IS: Yamamoto-san of Tailor Caid is only one of the Japanese artisans with whom you collaborate. D you anticipate ametora’s practical elegance will become even more prominent in menswear following Covid-19?
MC: Yes, I think ametora has a renewed place in a man’s wardrobe. It’s a nice change from the soft Italian style that has been in vogue for a while now. People were already looking for something new and the practical, unfussy nature of Ivy Style is particularly relevant right now
IS: With a rise in user engagement through your ‘What I’m Wearing and Why’ and product Q&A posts on Instagram, can we hope that the series will continue beyond quarantine?
MC: The WAIWAW series and our video production in general has become a big part of who we are and how we present things. I’d like to continue to do more with it. I think it conveys what The Armoury is about in quite a complete way, more so than just text or just photos.
IS: Your on-screen wardrobe is impeccable, of course. Do you have a go-to outfit that never leaves the house which you’d care to describe?
MC: I am usually in Muji pajamas or loungewear at home. They’re not bad but I’m working on some replacements for them that are more up to The Armoury’s standards. I think it’s nice to use a slightly chunkier cotton jersey that isn’t quite so soft and doesn’t necessarily feel like it’s something you should only wear to bed.
Most interesting. Particularly pertinent is the interviewer’s knowledge of transpacific styles and makers. Made for a truly cosmopolitan discussion. Not the usual: “Uh-uh, and what do you think is ahead for tweed?” Mr. Cho’s casual sophistication really came through here. Also, dare I say, this interview gives one hope for the future.
Zoe very astutely brought up Mark’s video series through instagram which has been a favorite for so many. He has immense knowledge and listening to him talk about clothes is mesmerizing. I once met him at the Drake’s HQ in London not knowing it was him, only to realize after the case my blunder. He was incredibly kind and helpful all the same. A brilliant man with a keen sartorial eye — awesome interview!
“You cannot control most things in the world but it is comforting to know that your own dress and appearance is your own domain within which you can do as you wish. ”
Yes. And yes:
“People were already looking for something new and the practical, unfussy nature of Ivy Style is particularly relevant right now.”
The first point undergirds everything this (Ivy-Style.com) and other clothing-related forums are about. Of all the things in life we (I’ll speak on behalf of men) cannot control — unpredictable events and fickle partners and mercurial interactions — our appearance, including clothing, is among the things we can decide and control. “How you look, smell, and sound”– largely up to you. Unlike a lot of other stuff.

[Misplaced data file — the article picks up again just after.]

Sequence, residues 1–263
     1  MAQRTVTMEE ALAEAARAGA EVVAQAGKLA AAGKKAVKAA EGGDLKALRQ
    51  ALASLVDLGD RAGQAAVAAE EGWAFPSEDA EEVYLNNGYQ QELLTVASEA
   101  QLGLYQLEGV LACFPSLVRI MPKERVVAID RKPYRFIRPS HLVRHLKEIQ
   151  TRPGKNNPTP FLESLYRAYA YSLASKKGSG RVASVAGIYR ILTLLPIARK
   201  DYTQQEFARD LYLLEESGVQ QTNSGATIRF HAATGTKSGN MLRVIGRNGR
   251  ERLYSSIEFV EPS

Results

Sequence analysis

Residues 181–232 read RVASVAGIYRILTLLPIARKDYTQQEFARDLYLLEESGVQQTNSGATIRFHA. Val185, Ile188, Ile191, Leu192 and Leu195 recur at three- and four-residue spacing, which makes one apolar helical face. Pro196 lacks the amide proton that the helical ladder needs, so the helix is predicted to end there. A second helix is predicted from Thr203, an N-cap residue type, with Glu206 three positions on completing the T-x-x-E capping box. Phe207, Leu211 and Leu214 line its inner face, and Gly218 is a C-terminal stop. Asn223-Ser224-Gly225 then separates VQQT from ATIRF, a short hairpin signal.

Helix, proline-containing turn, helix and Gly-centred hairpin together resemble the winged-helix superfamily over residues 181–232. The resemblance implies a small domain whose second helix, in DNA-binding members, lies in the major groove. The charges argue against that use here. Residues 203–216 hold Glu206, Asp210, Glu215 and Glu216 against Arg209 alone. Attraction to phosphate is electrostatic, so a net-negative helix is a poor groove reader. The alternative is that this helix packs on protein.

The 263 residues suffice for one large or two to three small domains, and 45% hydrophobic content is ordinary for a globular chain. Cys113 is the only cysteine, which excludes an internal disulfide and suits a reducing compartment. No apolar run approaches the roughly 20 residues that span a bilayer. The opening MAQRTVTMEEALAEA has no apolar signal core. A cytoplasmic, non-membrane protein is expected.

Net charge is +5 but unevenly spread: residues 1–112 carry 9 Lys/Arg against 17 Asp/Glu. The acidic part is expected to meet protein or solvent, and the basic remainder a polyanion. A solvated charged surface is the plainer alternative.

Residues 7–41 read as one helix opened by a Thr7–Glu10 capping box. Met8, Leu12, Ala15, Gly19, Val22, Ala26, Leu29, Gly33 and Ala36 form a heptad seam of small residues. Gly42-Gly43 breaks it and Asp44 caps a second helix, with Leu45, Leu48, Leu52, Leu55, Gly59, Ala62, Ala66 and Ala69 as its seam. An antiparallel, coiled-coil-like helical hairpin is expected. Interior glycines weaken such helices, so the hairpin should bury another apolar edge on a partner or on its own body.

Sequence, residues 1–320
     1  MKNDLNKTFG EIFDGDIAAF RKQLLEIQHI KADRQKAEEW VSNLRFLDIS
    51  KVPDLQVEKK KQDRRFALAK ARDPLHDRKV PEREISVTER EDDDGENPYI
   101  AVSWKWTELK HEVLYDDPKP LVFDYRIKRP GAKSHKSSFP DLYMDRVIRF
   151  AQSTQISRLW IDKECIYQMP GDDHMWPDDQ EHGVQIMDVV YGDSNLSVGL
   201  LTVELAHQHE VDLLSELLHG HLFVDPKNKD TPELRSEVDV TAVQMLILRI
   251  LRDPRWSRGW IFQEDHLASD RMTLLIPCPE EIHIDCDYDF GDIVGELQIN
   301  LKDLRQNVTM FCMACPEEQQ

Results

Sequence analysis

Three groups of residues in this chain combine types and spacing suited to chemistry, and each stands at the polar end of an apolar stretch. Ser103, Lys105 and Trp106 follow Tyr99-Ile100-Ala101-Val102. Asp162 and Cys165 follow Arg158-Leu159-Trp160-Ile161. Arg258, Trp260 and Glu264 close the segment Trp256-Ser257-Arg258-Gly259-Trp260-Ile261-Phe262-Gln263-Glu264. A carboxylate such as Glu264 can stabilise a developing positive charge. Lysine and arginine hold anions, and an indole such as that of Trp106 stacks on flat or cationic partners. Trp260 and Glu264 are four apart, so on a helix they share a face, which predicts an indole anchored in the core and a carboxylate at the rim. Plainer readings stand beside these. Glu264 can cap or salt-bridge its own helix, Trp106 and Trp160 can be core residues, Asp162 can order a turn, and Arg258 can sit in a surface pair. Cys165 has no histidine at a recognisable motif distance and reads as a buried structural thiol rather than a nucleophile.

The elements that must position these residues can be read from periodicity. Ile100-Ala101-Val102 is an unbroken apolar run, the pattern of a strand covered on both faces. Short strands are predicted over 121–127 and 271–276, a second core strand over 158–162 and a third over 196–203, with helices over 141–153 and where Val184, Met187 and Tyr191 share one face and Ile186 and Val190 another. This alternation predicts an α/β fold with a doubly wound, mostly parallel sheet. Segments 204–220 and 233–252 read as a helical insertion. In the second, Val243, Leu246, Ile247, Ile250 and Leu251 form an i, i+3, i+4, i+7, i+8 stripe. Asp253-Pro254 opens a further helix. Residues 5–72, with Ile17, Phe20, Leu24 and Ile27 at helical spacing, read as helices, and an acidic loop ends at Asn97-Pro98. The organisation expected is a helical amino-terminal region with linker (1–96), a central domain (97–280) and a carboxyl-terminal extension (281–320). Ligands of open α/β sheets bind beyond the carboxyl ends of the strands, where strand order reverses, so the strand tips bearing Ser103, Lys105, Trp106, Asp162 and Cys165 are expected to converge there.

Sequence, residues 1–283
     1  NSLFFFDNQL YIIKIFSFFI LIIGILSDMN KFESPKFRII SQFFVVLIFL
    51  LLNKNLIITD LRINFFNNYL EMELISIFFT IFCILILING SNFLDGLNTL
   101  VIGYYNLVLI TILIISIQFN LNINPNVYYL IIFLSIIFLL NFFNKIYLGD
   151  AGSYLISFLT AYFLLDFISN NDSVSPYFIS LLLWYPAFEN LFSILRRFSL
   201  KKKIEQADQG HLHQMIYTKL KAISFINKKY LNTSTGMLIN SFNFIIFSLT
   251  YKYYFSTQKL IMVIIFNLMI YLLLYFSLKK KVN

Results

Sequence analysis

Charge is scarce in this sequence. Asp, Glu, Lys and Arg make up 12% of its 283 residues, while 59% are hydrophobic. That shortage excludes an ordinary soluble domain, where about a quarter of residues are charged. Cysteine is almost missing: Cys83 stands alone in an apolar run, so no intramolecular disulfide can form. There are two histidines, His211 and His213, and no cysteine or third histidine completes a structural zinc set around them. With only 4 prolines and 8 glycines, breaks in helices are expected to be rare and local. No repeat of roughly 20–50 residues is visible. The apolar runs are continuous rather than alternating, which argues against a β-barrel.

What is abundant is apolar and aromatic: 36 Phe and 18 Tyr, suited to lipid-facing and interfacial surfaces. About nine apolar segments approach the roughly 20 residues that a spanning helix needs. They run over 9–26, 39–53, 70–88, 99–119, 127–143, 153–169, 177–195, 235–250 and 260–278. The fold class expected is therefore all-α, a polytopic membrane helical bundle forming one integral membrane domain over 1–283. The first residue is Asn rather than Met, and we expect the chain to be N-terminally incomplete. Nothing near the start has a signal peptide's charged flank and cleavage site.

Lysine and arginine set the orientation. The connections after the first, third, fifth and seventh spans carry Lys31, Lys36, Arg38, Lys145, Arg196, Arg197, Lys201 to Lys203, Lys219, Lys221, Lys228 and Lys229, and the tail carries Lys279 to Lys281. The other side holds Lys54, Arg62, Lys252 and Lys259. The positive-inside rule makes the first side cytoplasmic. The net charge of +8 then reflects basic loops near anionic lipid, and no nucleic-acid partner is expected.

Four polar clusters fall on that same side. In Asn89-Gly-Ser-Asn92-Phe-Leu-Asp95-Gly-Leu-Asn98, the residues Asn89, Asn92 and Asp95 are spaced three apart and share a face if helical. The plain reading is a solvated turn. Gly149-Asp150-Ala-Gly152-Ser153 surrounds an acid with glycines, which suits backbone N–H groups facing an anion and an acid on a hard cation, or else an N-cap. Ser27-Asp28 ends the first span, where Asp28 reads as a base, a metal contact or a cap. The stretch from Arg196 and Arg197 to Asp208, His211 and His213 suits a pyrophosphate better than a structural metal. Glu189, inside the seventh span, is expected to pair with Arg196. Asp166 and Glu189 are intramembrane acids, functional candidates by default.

Agreed, An interesting interview. Mr. Cho seems like he’d be fun to sit down and chew the sartorial fat with for a few hours. While I’ll be teaching asynchronously online this fall, and making weekly videos to upload to the related course pages, I cannot wait to get back into similar practical, unfussy albeit tailored clothing four or five days a week for online office hours, various meetings, and video production. But, vapid popinjay that I am, it’s really all about the clothes. I also see either another couple of Mercer shirt orders in the near future, or perhaps J. Press, come to think of it.
I’ve watched several of his videos and enjoyed them a lot. Like Sid Mashburn, he really knows his stuff and has great taste, but is not pissy about it.
I like the sports jacket in the cover photo. The shoulders look very good.
I wish that there were an Armoury branch in the SF Bay Area.
The nearest retailer which carried Ring Jacket was Khaki’s of
Carmel who dropped the line a few years ago. Their selection
was limited to models that ran so small that the 44R- my size,
wouldn’t even close. I understand that the Armory also carries
models for those of us who descend from Euopean peasant stock.
Mr. Cho and his colleagues do have a good eye for quality. I have tried on a Ring jacket at a local retailer and was impressed with quality and overall fit but did not purchase. The Armoury also offers Tailor Caid from Japan and if I had reason to travel to NYC regularly, I would stop in and get fitted.
I hope he starts carrying FE Castleberry – now that’s Trad!